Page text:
By Russell Henderson, Oregon

The horse who became my cherished friend had helped me heal from the loss of my wife. How would Divine Spirit guide me through saying good-bye to him?

The story of our journey begins at my horse stable in the country, nine miles from Beavercreek, Oregon. We had eight horses and ponies of our own plus five more horses being boarded at the stable. My daughter gave pony-riding lessons to people of all ages—from young children to seniors. Each day, I’d feed the horses a breakfast of sweet orchard-grass hay. They’d all say “good morning” and “thank you” by whinnying at me.

Yankee, a fifteen-year-old, forty-inch-high, brown-and-white pony, had been given to us. At first, we had wanted him because he would pull a cart and carry small children on pony rides. But Yankee could come to our stable only on the condition that we take his two stall mates—George, who was blind, and Gracie, who was very old. George, Gracie, and Yankee either stayed together, as a package deal, or we wouldn’t get Yankee.

Yankee turned out to be a very special pony. He loved little kids and patiently stood still when they groomed him, even though they had no idea what the proper way was to groom a horse. I didn’t even have to hang on to Yankee’s lead rope. He’d follow me around like a puppy: uncharacteristic for a pony.

My wife translated (in Eckankar, we refer to death as translation, the relocation of Soul from the physical body to a higher plane), and I was still grieving for her when Yankee became more of a comforting friend than just a cute pony. He’d look at me with his large brown eyes and seem to say, “I miss her too.”

Concerned for Yankee

Years later, while I fed the horses one day, I noticed Yankee looked different. Normally he’d hang his head over the top of his stall door and beg for hay and grain. Today he looked disoriented and had rolled—something horses often do when they’re sick. So this behavior concerned me.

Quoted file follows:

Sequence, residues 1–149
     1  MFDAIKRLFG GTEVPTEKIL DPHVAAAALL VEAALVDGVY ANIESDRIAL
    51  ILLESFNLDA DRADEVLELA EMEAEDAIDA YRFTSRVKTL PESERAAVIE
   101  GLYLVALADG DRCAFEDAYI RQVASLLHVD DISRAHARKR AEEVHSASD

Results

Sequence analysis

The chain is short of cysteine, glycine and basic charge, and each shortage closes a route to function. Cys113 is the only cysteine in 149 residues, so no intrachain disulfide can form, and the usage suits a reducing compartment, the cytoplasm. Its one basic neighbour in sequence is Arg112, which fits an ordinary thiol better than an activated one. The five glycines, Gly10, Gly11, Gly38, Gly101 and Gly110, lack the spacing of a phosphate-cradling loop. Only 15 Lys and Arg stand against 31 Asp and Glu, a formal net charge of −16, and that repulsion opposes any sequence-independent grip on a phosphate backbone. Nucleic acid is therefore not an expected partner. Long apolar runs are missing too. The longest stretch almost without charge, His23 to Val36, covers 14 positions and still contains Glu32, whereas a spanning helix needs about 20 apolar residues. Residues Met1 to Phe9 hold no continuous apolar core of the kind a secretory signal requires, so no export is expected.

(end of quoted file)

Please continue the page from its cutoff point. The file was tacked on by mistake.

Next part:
That night, before falling asleep, I did a spiritual contemplation and asked the Mahanta, my inner spiritual guide, to show me what was best for Yankee. I woke up around four in the morning and checked on Yankee. He definitely looked worse, and I needed an opinion from the veterinarian.

While waiting for the vet to return my call, I stayed with Yankee and sang HU, which seemed to calm Yankee a little. I ended by saying, “Thy will be done” and put Yankee’s future into the ECK.

When the vet examined Yankee, the prognosis wasn’t good. It was further complicated by Yankee’s advanced age of thirty, which is old for a horse. In human years, he would have been about ninety. The vet decided to try one last thing and gave him antibiotics to see if his condition would improve.

Yankee’s condition only worsened, so I called the vet again later in the day. My inner guidance was telling me it was time to let Yankee go. While waiting for the vet to return, I comforted Yankee by brushing and petting him and singing HU.

I had the distinct impression he was communicating with me that he was ready to translate. He looked at me as if saying, “It’s OK. Let me go.” Even though I felt certain that this was the right course of action, I felt very sad. Yankee had been part of my family for fifteen years and was our cherished friend.

Missing Yankee

The vet arrived back at our stable, and we agreed it was necessary to put down Yankee. I buried him that morning and placed the nameplate from his stall upon his grave. Looking to the Mahanta for inner guidance to strengthen me, I wished Yankee well in his travels in the spiritual worlds where Soul goes after physical death.

I felt very sad and missed Yankee a lot. When I had problems or needed to be consoled, Yankee had always been my go-to horse who listened to my problems and offered a supportive ear.

Soon after Yankee translated, I did a contemplation before falling asleep and asked the Mahanta to let me visit the pony in my dreams. I missed him and also wanted to see if he was OK. The dream went like this:

I see three small ponies running and playing in a pasture of green grass. As I walk closer, I recognize the ponies. There is George, our blind pony who translated about eight years ago. He can now see. And Gracie, the old pony who translated a year before George. She is now young.

Yankee frolics with them, and the ponies are having a great reunion. As I leave, they seem to say, “Don’t worry about us. We are just fine.”

When I woke up, I was relieved to know Yankee was much better off, pain-free and having a joyful time with his friends. My heart opened and filled with joy. I had seen in my dream that these Souls’ love for each other had kept them together. As in life, they were a package deal.

By spiritually visiting Yankee, George, and Gracie, I’d received even more from my spiritual exercise than I’d asked for. I felt very grateful for the Mahanta allowing me to reconnect with my pony friends. Even though I still missed Yankee, after this dream it was much easier to let go of him. The dream went a long way in helping me with my grief.

Throughout this entire experience, I used the spiritual tools and principles of Eckankar. They kept me connected with inner guidance from Divine Spirit so I could do my best for Yankee each step of the way and heal from the loss of my cherished friend.

—Photos by Russell Henderson